1

I came across a TV show dialogue.

I couldn't find lots taken in any dictionaries. I guess it means I care and I was insulted but my Chinese subtitle means I don't care, it's okay.

None taken is generally used to reply to No offense. I believe None taken is an antonyms of Lots taken. Could you please correct me? Thanks.

**NO OFFENCE** - A phrase added to an otherwise insulting statement. 

You say "no offense" right before or after you say 
something that is insulting. 

"No offense" allows you to say just about anything you want about anyone.

It is sometimes followed up by "none taken." 

The recipient of the original comment says "none taken" 
to signal that they were not insulted.

Context: Kelsey and Liza are friends. Thad is Kelsey's boyfriend. Josh is Liza's boyfriend

Kelsey: We're gonna see that guy that Liza's been seeing, Josh. We're gonna go see Josh at his tattoo parlor in Brooklyn, and we're all gonna get tattoos.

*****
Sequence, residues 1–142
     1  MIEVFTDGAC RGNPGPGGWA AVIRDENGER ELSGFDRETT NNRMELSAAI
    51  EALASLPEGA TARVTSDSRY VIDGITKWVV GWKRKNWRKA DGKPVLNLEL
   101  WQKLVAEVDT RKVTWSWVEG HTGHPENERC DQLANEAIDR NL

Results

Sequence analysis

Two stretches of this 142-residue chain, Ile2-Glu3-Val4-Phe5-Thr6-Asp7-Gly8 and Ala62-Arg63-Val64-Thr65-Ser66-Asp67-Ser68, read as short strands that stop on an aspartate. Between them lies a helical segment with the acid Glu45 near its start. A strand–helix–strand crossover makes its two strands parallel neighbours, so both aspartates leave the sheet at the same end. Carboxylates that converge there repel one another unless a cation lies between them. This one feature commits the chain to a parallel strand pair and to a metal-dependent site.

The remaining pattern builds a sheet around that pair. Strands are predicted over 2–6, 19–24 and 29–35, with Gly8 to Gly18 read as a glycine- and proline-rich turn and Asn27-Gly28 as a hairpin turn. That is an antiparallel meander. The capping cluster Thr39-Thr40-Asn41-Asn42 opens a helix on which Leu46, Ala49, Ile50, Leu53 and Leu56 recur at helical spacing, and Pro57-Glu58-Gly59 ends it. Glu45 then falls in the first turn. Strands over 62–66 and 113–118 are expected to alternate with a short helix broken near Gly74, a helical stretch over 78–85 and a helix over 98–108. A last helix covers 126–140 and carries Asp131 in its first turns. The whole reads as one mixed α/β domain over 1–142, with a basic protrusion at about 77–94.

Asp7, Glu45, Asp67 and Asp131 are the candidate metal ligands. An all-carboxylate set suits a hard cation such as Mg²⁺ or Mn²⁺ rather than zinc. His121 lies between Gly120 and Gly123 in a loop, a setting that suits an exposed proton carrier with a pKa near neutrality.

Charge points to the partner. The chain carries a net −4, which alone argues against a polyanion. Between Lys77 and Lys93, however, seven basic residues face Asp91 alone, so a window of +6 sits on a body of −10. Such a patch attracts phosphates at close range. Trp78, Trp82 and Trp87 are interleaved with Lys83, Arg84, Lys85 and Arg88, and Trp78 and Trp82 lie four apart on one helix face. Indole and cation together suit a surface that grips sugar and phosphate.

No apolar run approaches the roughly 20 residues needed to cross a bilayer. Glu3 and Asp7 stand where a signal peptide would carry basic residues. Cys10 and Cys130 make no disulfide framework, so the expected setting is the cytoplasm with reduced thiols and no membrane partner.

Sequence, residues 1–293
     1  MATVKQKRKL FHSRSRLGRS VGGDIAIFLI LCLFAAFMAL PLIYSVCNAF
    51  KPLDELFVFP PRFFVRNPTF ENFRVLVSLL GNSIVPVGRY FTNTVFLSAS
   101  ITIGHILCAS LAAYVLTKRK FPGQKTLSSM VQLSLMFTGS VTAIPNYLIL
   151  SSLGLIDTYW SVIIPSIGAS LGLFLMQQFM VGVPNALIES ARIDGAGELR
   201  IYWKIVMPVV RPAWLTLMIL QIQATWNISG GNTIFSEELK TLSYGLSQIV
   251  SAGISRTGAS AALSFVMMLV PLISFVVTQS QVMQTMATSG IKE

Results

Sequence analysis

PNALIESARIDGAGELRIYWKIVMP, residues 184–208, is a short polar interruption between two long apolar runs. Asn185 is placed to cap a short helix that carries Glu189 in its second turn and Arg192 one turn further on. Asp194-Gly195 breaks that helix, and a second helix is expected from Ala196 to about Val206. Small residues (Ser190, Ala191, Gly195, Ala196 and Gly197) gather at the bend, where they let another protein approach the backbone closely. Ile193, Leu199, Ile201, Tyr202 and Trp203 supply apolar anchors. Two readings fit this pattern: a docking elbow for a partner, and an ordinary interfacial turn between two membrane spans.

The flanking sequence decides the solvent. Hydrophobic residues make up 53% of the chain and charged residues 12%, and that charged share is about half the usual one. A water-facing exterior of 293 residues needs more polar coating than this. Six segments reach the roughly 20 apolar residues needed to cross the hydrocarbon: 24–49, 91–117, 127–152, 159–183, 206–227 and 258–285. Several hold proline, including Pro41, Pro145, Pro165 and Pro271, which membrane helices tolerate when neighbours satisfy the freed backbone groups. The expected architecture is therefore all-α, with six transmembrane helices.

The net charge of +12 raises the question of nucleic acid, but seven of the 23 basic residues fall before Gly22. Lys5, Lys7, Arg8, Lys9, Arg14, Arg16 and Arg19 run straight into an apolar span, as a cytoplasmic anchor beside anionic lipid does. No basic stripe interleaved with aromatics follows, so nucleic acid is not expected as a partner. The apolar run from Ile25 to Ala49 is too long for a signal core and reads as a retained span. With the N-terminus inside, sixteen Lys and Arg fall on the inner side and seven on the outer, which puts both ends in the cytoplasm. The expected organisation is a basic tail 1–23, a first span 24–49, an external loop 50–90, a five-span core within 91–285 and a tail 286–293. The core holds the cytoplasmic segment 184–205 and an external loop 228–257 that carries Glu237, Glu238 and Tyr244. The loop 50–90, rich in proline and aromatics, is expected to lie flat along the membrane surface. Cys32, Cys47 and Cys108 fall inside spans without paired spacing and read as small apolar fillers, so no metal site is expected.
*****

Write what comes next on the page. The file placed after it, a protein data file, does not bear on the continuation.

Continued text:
Thad: Babe, you know I don't do Brooklyn. No offense.

Liza: Lots taken.

3

Yes, you're right. "Lots taken" means that they were offended by the statement.

In your first example, you have:

A: No offense.
B: None taken.

The "none taken" means "no offense was taken".

Similarly, in:

A: No offense.
B: Lots taken.

Here, "lots taken" means "a lot of offense was taken"... so the rude comment was made and, despite A trying to play it off, B still took offense at the comment.

Though, in reality, this is likely said sarcastically, or as a joke. It would be unlikely for someone to use this if they were actually offended.

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  • @BrianHitchcock You're totally right. I'd mentally told myself to add that in and failed. – Catija May 28 '15 at 8:46
  • Can I ask 1 more question? What does you know I don't do Brooklyn mean? I guess I don't like Brooklyn . There is no result from google. – puputeh24 May 30 '15 at 1:24
  • 1
    You should ask it as a new question. :) – Catija May 30 '15 at 1:40

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